- 20 mg film-coated extended-release tablets (round, green-colored, bi-convex tablets printed with “HYD 20”)
- 30 mg film-coated extended-release tablets (round, yellow-colored, bi-convex tablets printed with “HYD 30”)
- 40 mg film-coated extended-release tablets (round, grey-colored, bi-convex tablets printed with “HYD 40”)
- 60 mg film-coated extended-release tablets (round, beige-colored, bi-convex tablets printed with “HYD 60”)
- 80 mg film-coated extended-release tablets (round, pink-colored, bi-convex tablets printed with “HYD 80”)
- 100 mg film-coated extended-release tablets (round, blue-colored, bi-convex tablets printed with “HYD 100”)
- 120 mg film-coated extended-release tablets (round, white-colored, bi-convex tablets printed with “HYD 120”)
- Significant respiratory depression
- Acute or severe bronchial asthma in an unmonitored setting or in the absence of resuscitative equipment
- Known or suspected paralytic ileus and gastrointestinal obstruction
- Hypersensitivity to any component of Hysingla ER or the active ingredient, hydrocodone bitartrate
Warnings and Precautions
Addiction, Abuse, and Misuse
Hysingla ER contains hydrocodone, a Schedule II controlled substance. As an opioid, Hysingla ER exposes users to the risks of addiction, abuse, and misuse [see Drug Abuse and Dependence (9.1)]. As extended-release products such as Hysingla ER deliver the opioid over an extended period of time, there is a greater risk for overdose and death due to the larger amount of hydrocodone present.
Although the risk of addiction in any individual is unknown, it can occur in patients appropriately prescribed Hysingla ER and in those who obtain the drug illicitly. Addiction can occur at recommended doses and if the drug is misused or abused.
Assess each patient’s risk for opioid addiction, abuse, or misuse prior to prescribing Hysingla ER, and monitor all patients receiving HYSINGLA ER for the development of these behaviors or conditions. Risks are increased in patients with a personal or family history of substance abuse (including drug or alcohol addiction or abuse) or mental illness (e.g., major depression). The potential for these risks should not, however, prevent the prescribing of Hysingla ER for the proper management of pain in any given patient.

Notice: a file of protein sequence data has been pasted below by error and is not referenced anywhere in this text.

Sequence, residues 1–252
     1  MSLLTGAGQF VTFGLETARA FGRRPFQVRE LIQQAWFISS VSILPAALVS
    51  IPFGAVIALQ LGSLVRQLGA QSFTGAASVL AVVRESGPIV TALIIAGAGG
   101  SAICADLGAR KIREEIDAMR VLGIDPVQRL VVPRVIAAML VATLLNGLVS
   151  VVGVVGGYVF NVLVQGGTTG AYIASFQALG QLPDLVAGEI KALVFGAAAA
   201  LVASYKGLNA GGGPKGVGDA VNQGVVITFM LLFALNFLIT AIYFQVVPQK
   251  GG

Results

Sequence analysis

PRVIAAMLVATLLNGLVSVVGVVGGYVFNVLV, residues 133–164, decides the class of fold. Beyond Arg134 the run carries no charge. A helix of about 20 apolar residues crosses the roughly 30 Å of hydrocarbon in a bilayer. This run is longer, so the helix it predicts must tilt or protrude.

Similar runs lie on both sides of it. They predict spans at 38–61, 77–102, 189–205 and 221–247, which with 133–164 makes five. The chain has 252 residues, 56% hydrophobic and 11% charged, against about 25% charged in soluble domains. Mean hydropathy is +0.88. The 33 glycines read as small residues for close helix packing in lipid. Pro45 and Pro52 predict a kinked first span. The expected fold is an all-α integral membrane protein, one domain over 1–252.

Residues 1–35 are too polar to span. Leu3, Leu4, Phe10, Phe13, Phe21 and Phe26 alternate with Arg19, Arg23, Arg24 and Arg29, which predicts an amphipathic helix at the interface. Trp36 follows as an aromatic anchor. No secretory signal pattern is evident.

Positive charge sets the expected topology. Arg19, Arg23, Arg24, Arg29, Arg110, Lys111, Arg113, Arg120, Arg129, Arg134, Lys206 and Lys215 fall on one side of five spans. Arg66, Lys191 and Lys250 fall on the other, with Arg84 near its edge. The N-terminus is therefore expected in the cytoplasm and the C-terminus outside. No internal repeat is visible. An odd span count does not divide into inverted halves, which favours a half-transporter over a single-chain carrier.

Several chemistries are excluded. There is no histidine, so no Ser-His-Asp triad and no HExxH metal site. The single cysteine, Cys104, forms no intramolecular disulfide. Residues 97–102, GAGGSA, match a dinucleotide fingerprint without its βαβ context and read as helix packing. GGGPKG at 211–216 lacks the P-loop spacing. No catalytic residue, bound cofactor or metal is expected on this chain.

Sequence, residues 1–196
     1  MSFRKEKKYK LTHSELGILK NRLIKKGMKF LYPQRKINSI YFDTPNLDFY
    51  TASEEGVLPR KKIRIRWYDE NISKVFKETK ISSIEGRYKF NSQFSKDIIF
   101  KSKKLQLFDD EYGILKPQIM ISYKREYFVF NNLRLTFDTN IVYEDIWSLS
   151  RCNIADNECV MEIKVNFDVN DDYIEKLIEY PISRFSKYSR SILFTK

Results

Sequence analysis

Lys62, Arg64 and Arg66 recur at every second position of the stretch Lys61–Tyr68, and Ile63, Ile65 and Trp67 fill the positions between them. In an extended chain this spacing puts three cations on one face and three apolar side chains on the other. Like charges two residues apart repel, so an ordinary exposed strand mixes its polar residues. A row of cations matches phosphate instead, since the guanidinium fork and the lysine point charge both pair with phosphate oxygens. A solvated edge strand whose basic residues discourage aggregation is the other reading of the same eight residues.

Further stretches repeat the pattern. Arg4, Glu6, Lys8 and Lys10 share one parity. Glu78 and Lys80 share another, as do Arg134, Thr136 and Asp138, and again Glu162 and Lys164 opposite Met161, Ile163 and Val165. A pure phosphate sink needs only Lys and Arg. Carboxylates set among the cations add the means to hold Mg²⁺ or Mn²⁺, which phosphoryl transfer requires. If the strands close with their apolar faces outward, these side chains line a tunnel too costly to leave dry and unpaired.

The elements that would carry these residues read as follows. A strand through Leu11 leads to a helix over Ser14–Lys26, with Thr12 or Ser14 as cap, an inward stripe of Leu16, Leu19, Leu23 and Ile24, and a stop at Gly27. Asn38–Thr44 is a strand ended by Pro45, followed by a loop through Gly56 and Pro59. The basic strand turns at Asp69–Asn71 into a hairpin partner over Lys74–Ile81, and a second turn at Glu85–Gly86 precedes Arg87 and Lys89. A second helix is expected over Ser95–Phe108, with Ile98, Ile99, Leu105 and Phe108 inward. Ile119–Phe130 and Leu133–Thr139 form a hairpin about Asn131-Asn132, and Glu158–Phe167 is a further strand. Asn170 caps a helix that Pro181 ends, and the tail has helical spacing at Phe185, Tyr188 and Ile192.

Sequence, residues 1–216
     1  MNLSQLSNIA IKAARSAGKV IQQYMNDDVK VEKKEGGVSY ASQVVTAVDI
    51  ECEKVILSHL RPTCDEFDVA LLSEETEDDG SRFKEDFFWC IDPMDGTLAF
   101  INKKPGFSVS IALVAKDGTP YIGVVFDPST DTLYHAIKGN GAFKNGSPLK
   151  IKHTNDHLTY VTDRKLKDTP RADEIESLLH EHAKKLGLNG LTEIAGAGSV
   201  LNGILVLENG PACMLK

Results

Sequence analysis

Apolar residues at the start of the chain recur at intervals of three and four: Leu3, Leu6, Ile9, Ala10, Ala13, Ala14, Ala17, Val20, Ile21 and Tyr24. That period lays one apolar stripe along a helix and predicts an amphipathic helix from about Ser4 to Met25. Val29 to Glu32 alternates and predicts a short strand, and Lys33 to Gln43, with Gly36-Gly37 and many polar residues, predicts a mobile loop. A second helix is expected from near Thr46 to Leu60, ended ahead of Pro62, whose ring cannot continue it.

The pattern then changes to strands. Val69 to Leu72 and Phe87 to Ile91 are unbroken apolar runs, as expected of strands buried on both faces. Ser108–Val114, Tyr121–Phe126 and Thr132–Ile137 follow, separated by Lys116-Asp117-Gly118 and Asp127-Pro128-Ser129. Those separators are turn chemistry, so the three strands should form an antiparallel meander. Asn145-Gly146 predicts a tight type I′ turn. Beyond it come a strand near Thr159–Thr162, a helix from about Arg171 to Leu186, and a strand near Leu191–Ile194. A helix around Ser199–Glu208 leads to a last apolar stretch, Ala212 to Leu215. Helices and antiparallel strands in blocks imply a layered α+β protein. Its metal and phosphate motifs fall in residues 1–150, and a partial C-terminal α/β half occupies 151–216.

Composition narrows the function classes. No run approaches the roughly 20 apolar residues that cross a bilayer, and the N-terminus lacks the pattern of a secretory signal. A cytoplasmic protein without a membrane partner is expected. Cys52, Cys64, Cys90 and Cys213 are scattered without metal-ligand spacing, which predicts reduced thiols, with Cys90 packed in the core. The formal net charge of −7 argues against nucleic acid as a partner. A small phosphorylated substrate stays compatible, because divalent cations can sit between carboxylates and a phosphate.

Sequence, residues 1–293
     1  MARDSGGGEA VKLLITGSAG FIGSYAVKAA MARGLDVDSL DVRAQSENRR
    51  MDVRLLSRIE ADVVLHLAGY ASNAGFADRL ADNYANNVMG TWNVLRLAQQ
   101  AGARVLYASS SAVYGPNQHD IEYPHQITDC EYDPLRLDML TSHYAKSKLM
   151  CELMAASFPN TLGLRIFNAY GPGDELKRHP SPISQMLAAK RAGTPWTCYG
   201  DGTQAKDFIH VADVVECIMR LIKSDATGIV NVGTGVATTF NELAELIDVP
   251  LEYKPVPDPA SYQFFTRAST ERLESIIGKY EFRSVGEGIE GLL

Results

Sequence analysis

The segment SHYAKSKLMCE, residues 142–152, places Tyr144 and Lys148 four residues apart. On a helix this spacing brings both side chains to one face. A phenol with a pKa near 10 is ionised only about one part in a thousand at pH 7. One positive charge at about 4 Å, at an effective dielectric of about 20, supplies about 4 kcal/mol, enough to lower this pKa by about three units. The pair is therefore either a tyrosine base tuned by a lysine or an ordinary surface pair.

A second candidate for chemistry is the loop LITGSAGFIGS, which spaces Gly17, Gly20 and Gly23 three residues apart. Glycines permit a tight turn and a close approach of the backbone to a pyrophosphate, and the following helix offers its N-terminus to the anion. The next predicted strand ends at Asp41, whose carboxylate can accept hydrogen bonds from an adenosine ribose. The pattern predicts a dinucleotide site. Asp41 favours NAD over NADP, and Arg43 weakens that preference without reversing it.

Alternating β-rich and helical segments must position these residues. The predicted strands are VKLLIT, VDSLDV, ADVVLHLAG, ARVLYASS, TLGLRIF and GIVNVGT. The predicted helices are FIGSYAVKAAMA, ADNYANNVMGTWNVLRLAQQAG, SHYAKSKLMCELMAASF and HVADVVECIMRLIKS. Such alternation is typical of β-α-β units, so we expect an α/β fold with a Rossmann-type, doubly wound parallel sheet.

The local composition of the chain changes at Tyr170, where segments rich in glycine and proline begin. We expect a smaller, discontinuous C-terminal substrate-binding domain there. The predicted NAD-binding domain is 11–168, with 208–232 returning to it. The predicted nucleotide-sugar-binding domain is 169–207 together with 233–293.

Abuse or misuse of Hysingla ER by crushing, chewing, snorting, or injecting the dissolved product will result in the uncontrolled delivery of the hydrocodone and can result in overdose and death [see Drug Abuse and Dependence (9.1), and Overdosage (10)].
Opioid agonists are sought by drug abusers and people with addiction disorders and are subject to criminal diversion. Consider these risks when prescribing or dispensing Hysingla ER. Strategies to reduce these risks include prescribing the drug in the smallest appropriate quantity and advising the patient on the proper disposal of unused drug [see Patient Counseling Information (17)]. Contact local state professional licensing board or state controlled substances authority for information on how to prevent and detect abuse or diversion of this product.
Life-Threatening Respiratory Depression
Serious, life-threatening, or fatal respiratory depression has been reported with the use of modified-release opioids, even when used as recommended. Respiratory depression from opioid use, if not immediately recognized and treated, may lead to respiratory arrest and death. Management of respiratory depression may include close observation, supportive measures, and use of opioid antagonists, depending on the patient’s clinical status [see Overdosage (10.2)]. Carbon dioxide (CO2) retention from opioid-induced respiratory depression can exacerbate the sedating effects of opioids.
While serious, life-threatening, or fatal respiratory depression can occur at any time during the use of HYSINGLA ER, the risk is greatest during the initiation of therapy or following a dose increase. Closely monitor patients for respiratory depression when initiating therapy with Hysingla ER and following dose increases.
To reduce the risk of respiratory depression, proper dosing and titration of Hysingla ER are essential [see Dosage and Administration (2.1,2.2)]. Overestimating the Hysingla ER dose when converting patients from another opioid product can result in fatal overdose with the first dose.
Neonatal Opioid Withdrawal Syndrome
Prolonged use of Hysingla ER during pregnancy can result in withdrawal signs in the neonate. Neonatal opioid withdrawal syndrome, unlike opioid withdrawal syndrome in adults, may be life-threatening if not recognized and requires management according to protocols developed by neonatology experts. If opioid use is required for a prolonged period in a pregnant woman, advise the patient of the risk of neonatal opioid withdrawal syndrome and ensure that appropriate treatment will be available.
Neonatal opioid withdrawal syndrome presents as irritability, hyperactivity and abnormal sleep pattern, high pitched cry, tremor, vomiting, diarrhea and failure to gain weight. The onset, duration, and severity of neonatal opioid withdrawal syndrome vary based on the specific opioid used, duration of use, timing and amount of last maternal use, and rate of elimination of the drug by the newborn.
Interactions with Central Nervous System Depressants